3. Canon EOS 6D Mark II

EOS 6D Mark II

  • Type: Full-Frame DSLR
  • Sensor: Full-frame CMOS
  • Resolution: 26.2MP
  • Screen: 3-inch vari-angle touchscreen, 1,040,000 dots
  • Viewfinder: Optical
  • Max burst speed: 6.5fps
  • Max video resolution: Full HD
  • User level: Enthusiast

The Canon EOS 6D Mark II is for serious enthusiasts. It’s for the photographers that want to capture the best images they can. It isn’t the most versatile, but it plays to its strengths.

It’s hard to beat the Canon EOS 6D Mark II on image quality. The 26.2MP sensor packs a wallop, and the expandable ISO range means it won’t let you down if the conditions change.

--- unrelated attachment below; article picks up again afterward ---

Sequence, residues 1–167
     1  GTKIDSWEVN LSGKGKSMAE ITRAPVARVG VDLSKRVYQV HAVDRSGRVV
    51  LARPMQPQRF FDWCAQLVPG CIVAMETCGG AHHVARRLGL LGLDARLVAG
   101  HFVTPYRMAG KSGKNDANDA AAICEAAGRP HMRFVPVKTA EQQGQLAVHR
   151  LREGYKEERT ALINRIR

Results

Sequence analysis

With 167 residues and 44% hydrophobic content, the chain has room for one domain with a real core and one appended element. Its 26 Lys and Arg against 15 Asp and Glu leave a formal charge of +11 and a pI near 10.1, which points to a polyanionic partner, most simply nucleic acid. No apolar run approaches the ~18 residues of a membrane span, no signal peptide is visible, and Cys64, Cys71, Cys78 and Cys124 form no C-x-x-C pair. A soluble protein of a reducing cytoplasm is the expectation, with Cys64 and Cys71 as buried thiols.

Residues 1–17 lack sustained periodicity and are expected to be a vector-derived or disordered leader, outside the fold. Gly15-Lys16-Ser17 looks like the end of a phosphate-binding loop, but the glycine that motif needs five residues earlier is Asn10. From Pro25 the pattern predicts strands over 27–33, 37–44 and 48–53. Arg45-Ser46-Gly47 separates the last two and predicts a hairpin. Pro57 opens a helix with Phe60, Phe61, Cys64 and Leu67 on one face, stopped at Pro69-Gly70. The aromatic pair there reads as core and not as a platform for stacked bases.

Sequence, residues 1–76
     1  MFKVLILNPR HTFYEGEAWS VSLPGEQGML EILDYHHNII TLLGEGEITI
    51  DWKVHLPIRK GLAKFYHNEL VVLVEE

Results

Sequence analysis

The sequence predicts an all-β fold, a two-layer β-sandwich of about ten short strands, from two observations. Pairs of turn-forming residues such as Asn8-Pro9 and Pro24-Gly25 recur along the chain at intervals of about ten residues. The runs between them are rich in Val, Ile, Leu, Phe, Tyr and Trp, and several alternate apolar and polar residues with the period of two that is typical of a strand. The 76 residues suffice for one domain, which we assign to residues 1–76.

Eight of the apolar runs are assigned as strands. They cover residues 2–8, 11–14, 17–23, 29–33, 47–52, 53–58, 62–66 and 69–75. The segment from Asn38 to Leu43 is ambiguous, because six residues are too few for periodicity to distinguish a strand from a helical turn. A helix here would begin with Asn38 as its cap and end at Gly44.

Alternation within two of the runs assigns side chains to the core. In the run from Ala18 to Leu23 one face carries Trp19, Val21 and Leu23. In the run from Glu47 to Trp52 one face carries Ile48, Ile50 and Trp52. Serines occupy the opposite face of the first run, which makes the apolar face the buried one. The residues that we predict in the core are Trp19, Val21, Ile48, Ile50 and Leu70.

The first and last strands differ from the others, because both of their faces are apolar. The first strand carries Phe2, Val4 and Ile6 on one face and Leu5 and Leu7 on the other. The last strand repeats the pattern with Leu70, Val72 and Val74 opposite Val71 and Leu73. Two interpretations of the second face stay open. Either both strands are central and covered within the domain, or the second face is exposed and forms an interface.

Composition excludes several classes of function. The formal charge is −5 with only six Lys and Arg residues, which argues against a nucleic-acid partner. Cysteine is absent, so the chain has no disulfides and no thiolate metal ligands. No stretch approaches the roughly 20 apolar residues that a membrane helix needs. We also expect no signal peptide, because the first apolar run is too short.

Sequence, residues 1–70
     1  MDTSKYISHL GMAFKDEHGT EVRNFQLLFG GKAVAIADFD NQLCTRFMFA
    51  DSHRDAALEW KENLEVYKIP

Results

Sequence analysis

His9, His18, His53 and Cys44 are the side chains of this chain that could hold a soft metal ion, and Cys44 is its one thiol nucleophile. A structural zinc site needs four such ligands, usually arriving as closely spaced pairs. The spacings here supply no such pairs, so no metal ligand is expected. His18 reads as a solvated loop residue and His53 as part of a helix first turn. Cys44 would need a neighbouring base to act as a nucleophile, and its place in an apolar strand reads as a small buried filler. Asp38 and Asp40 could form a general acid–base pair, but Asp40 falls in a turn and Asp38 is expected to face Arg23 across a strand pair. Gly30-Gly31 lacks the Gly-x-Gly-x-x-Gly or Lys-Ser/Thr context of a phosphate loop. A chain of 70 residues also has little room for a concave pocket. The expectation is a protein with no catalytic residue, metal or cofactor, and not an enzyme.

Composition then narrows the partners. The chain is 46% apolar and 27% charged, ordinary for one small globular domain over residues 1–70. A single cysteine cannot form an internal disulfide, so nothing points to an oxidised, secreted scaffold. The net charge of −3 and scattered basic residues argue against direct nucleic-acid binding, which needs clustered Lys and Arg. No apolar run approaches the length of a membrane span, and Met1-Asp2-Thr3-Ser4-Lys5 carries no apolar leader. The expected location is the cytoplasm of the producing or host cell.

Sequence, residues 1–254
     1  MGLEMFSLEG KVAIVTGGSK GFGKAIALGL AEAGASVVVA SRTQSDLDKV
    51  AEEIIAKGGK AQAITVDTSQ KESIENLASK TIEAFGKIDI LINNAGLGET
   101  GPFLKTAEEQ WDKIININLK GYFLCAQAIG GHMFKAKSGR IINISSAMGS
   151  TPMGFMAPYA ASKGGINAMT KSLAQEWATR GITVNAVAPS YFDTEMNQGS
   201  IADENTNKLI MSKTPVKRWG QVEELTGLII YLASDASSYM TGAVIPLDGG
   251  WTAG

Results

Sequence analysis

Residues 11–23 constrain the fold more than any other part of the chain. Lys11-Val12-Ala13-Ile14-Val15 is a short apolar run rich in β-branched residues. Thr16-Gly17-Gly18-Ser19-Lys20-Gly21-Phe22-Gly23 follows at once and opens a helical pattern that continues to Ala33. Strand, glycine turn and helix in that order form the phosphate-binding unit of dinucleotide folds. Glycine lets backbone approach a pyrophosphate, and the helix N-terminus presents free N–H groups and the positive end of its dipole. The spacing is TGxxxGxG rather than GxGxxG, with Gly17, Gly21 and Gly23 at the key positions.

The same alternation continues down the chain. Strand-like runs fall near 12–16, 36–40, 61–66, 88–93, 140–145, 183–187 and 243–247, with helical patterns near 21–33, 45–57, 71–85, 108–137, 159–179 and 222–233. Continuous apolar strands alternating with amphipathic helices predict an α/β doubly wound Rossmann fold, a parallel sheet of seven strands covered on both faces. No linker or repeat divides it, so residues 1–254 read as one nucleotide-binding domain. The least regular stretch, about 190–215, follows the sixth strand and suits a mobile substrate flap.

The burst of 6.5fps is slow compared to some competitors. But the 45-point autofocus system is quick and reliable.

It’s a rugged camera with impressive build quality. If you want a DSLR that gives you quality images, the Canon EOS 6D Mark II won’t let you down. One of the very best DSLR cameras available.

4. Nikon D500

Nikon D500

  • Type: Crop Sensor DSLR
  • Sensor: DX-Formant CMOS
  • Resolution: 20.9MP
  • Screen: 3.2-inch tilting LCD touchscreen, 2,359,000 dots
  • Viewfinder: Pentaprism
  • Max burst speed: 10fps
  • Max video resolution: 4K
  • User level: Enthusiast

The Nikon D500 is geared towards sports and wildlife photography. But the excellent functions and performance make this a great DSLR camera for any enthusiast.

Other cameras on this list have surpassed the 20.9MP sensor. But, it has a rapid 10fps burst mode. And, the buffer system can capture up to 200 RAW when shooting at full speed.